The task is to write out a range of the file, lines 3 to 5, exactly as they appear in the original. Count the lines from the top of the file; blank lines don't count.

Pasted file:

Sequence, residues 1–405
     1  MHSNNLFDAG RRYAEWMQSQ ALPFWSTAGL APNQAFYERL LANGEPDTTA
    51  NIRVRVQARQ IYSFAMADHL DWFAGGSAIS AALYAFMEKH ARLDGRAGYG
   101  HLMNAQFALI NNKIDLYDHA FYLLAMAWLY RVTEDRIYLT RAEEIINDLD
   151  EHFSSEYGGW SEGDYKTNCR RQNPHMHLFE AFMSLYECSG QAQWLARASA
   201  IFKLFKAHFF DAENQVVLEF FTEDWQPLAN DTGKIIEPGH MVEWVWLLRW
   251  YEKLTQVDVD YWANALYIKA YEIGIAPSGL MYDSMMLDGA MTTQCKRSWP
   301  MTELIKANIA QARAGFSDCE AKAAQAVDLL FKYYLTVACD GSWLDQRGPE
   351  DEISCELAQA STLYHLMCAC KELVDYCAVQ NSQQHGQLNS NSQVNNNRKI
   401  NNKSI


    51  NIRVRVQARQ IYSFAMADHL DWFAGGSAIS AALYAFMEKH ARLDGRAGYG
   101  HLMNAQFALI NNKIDLYDHA FYLLAMAWLY RVTEDRIYLT RAEEIINDLD
   151  EHFSSEYGGW SEGDYKTNCR RQNPHMHLFE AFMSLYECSG QAQWLARASA